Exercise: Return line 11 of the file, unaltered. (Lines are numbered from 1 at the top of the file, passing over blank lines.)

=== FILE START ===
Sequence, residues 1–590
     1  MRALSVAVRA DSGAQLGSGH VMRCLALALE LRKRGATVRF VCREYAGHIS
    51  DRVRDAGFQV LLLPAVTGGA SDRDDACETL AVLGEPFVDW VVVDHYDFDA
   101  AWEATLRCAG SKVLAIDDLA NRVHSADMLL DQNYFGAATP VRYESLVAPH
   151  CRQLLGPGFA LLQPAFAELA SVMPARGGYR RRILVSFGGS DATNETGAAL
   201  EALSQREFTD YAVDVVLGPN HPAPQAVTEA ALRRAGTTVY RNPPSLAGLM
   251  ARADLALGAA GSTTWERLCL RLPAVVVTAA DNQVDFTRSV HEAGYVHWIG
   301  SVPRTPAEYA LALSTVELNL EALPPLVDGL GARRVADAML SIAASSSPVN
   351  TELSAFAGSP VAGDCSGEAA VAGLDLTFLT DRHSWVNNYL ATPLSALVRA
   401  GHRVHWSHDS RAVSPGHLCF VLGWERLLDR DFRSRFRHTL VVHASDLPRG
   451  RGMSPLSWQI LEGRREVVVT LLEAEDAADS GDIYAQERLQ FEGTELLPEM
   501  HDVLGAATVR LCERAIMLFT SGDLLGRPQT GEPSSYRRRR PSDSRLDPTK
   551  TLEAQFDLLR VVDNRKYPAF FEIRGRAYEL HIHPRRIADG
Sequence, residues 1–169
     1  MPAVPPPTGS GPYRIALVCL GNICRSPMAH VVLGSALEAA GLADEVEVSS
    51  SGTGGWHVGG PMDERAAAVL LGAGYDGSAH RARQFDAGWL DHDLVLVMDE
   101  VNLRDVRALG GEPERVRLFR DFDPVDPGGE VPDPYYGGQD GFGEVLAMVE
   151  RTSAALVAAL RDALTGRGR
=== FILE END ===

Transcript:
   451  RGMSPLSWQI LEGRREVVVT LLEAEDAADS GDIYAQERLQ FEGTELLPEM